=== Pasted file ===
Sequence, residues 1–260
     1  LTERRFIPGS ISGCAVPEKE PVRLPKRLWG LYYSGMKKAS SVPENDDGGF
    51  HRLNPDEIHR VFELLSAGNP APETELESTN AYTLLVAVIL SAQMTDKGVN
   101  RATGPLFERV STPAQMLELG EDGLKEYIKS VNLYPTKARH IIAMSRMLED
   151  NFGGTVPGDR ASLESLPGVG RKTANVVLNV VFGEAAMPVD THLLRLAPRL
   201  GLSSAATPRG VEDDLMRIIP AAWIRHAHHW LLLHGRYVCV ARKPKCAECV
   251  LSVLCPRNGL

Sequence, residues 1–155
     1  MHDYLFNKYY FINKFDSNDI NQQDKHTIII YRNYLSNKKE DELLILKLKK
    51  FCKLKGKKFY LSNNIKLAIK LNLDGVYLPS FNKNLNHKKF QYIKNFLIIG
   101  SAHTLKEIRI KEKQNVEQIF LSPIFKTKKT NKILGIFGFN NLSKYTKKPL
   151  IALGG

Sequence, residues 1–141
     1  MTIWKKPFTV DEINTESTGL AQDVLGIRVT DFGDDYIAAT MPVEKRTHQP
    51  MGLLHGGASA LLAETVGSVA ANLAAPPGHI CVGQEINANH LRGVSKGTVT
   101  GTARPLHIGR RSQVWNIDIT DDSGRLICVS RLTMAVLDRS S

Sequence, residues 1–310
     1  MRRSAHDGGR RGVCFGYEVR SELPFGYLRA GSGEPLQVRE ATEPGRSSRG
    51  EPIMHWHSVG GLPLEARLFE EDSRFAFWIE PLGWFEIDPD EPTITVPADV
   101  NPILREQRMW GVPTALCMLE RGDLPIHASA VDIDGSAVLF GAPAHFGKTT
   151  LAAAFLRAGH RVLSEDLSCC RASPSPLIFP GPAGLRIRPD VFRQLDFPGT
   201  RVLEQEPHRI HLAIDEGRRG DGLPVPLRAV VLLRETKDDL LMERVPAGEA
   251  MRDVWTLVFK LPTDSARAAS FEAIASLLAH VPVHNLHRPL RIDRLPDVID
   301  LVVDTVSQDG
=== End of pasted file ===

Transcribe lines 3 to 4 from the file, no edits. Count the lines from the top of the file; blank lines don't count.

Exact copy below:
    51  HRLNPDEIHR VFELLSAGNP APETELESTN AYTLLVAVIL SAQMTDKGVN
   101  RATGPLFERV STPAQMLELG EDGLKEYIKS VNLYPTKARH IIAMSRMLED